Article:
• A transition programme can only succeed with the active participation and interest of the staff in the adult clinic, who face the challenge of matching the level of family support and rapid staff response that are features of most paediatric services
  • Transition planning should involve the primary healthcare team2, who may provide the only medical continuity during a period of potential disruption. This is easier said than done, because young people with chronic illness often have little contact with their primary care health team1,3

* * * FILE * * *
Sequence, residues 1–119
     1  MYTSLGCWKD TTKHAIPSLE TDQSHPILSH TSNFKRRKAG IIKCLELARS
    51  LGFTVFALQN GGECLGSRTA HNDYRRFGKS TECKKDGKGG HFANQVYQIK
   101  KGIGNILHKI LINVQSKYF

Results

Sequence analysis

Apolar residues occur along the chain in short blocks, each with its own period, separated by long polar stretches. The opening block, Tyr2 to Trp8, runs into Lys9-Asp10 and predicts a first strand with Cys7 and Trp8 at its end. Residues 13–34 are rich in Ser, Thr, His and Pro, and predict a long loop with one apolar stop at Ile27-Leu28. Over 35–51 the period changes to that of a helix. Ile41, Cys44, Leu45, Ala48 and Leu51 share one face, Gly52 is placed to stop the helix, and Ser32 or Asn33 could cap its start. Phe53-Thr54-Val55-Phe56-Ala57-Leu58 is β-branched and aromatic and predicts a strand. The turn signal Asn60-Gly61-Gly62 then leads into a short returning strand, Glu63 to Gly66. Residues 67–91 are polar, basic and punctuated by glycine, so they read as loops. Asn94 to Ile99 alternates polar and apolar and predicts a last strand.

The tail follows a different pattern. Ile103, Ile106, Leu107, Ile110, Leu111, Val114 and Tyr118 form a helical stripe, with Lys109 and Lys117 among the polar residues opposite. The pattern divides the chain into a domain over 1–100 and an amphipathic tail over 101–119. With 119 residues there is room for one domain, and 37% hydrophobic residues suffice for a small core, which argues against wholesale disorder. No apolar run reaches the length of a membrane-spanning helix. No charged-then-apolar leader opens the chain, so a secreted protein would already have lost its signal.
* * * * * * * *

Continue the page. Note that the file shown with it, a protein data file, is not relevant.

• Management links may need to be developed between the paediatric and adult centres, with detailed consultations on contracts and finance.

Transition to adult care is a major life event for young people with chronic illness. The lack of appropriate adolescent facilities—for example, adolescents being housed on paediatric wards in the company of young babies or on adult wards with very elderly patients—and the lack of healthcare staff skilled in meeting the needs of adolescents, are currently obstacles to efficient transition in the UK4. For the reader who wishes to explore the subject further, this topic is discussed in published papers from the most recent Section of Paediatrics symposium on cystic fibrosis5,6,7,8.

References

1. Viner R. Transition from paediatric to adult care. Bridging the gaps or passing the buck? Arch Dis Child 1999;81: 271-5 [PMC free article] [PubMed]